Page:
His seamoth rested in the middle of his moonpool, held aloft by the suction-cup arms. Beneath it the black waters churned peacefully, the pressure held at bay by surface tension amplifiers. Varien'd painted the vehicle in shades of black and light blue, not unlike the black stone and ghostly blood vines of the area. He climbed in and picked up his helmet from the floor and put it on. With that done he pressed a button on the submarine's dashboard, dropping it with a jolt into the icy water.

Sitting straight up in his seat, he piloted it out of the cavern and into the gloomy chasm. Varien didn't bother with headlights, and instead waited for his eyes to adjust to the darkness. Once they did, the barest details of the blood kelp zone came into view.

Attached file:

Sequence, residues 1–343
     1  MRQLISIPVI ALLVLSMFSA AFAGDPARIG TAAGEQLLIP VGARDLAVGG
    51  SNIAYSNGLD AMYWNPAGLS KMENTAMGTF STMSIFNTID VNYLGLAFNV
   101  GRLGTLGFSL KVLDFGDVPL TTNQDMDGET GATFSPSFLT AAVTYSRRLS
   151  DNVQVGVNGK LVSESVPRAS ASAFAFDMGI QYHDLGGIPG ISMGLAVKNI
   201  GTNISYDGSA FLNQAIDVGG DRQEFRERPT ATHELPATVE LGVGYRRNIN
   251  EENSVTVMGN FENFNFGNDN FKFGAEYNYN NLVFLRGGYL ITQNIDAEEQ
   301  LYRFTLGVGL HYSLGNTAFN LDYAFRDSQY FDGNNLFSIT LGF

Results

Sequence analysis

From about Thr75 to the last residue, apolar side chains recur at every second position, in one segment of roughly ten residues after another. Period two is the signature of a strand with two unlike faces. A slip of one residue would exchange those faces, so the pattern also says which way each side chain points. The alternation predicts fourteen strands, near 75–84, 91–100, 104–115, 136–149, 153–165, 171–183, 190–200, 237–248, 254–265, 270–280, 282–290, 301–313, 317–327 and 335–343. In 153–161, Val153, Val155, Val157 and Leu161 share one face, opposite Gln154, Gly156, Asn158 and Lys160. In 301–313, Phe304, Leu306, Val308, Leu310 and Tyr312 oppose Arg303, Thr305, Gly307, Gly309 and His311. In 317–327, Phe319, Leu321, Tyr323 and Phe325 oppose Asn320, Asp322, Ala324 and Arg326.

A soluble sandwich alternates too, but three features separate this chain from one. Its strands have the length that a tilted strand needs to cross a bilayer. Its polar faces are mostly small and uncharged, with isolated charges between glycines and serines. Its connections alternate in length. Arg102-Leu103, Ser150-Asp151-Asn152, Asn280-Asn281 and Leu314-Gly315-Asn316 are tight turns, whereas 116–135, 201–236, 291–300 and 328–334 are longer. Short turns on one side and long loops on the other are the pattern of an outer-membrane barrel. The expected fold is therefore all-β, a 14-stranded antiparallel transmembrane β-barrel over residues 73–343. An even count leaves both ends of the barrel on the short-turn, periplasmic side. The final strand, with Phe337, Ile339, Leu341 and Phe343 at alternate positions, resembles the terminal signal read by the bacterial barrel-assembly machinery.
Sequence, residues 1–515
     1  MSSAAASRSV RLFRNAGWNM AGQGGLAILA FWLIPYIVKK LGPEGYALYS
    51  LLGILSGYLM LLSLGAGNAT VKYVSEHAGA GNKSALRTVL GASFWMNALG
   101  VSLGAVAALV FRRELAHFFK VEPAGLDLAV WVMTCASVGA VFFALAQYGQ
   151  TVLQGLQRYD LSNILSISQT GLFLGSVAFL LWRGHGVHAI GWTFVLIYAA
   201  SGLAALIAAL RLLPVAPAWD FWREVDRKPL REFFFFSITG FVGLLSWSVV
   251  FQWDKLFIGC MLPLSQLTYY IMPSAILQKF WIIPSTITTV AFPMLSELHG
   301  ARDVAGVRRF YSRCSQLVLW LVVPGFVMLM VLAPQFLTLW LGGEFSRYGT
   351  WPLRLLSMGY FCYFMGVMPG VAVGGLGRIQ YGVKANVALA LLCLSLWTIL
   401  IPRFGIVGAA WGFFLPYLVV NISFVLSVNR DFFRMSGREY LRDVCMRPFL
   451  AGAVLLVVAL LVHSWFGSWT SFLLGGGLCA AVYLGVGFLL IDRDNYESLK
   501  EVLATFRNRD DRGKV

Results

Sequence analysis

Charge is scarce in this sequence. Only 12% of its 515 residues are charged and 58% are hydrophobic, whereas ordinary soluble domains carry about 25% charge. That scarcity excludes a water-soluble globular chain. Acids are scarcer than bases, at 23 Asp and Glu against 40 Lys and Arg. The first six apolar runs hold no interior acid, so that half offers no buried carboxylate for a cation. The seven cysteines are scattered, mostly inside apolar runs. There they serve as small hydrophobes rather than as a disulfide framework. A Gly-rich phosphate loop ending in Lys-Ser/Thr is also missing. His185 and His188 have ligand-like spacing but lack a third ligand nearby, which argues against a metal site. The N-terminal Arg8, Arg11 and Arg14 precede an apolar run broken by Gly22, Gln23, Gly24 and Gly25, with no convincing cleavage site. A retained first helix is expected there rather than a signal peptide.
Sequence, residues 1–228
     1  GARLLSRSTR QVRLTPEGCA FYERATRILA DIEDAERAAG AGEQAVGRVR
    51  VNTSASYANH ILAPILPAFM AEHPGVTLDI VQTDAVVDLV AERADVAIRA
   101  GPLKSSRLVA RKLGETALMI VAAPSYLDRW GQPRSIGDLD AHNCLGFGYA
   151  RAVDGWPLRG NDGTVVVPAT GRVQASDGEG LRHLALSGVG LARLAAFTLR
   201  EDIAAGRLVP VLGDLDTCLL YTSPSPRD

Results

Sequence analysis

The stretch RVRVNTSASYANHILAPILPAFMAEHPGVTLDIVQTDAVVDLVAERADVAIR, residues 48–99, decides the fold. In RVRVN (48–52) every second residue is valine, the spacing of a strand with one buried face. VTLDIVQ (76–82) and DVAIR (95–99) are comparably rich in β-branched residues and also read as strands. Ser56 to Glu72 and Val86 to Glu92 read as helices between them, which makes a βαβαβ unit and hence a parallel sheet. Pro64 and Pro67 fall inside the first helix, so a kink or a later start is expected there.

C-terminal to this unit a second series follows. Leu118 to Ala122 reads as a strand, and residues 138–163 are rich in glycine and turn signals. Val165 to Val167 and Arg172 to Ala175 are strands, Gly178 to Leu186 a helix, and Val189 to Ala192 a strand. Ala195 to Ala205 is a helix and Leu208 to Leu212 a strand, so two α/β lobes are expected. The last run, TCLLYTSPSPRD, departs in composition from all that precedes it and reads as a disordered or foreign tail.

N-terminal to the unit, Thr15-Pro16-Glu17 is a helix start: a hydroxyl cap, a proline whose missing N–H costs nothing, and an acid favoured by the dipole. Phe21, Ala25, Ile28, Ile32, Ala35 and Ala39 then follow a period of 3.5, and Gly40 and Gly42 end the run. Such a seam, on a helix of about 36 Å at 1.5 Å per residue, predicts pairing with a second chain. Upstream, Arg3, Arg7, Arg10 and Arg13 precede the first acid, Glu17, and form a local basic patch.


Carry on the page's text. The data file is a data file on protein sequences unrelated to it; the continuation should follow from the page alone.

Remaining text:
The ghostly vines stretched far overhead, clustering around him like a barren forest. Some stalks were higher than him, others started so far beneath him they didn't even reach his seamoth. Ghastly blighters harassed schools of eerie spinefish. Globs of blood oil tumbled from their stalks. Varien smiled, perfectly at ease in the alien landscape half a kilometer beneath the waves. Varien admired the chasm's cycle of life a few minutes longer, then gripped the steering wheel and headed off.

He didn't grow sloppy as he ascended. But neither did his heart pound, or his spine chill, or his hands go clammy when the planet's megafauna drifted in and out of vision. A crabsquid appeared far to the left, so he simply moved in the other direction. When he left the dark trench and passed through the mushroom forest, he skillfully wove between the bonesharks that frequented the stony spires.